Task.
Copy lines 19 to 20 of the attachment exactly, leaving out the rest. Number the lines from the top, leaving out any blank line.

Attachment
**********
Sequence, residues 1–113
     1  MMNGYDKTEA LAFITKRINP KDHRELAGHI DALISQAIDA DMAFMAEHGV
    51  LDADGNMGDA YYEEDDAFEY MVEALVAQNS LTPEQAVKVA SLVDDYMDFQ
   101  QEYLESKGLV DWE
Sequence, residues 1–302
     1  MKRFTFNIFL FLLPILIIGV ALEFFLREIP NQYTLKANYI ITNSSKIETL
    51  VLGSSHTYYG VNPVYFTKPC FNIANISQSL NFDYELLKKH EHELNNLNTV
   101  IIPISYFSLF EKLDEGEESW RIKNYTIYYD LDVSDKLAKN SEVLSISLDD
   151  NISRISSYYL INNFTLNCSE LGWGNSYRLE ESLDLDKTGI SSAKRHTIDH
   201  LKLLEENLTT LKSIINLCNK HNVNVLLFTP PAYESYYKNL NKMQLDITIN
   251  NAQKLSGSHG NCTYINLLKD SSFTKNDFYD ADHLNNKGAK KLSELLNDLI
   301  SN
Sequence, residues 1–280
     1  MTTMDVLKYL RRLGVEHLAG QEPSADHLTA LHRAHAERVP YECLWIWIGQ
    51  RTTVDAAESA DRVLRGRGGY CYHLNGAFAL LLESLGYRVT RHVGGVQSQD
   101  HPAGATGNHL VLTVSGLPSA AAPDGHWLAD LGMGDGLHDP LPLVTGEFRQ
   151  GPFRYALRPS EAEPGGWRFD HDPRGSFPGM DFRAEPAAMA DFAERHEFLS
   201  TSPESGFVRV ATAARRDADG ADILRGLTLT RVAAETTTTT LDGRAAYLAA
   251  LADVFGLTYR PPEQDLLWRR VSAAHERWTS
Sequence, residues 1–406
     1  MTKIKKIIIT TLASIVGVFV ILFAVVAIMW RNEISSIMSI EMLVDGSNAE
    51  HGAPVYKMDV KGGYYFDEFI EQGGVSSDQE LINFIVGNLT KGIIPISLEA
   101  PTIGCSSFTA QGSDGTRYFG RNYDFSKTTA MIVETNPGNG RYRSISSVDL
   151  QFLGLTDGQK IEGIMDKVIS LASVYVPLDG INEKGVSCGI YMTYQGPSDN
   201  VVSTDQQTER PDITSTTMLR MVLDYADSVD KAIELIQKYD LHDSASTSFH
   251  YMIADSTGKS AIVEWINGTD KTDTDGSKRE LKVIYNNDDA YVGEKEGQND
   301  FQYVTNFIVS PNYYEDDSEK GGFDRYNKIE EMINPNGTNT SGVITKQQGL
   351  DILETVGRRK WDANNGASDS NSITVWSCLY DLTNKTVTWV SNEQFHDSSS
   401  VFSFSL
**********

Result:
   251  LADVFGLTYR PPEQDLLWRR VSAAHERWTS
Sequence, residues 1–406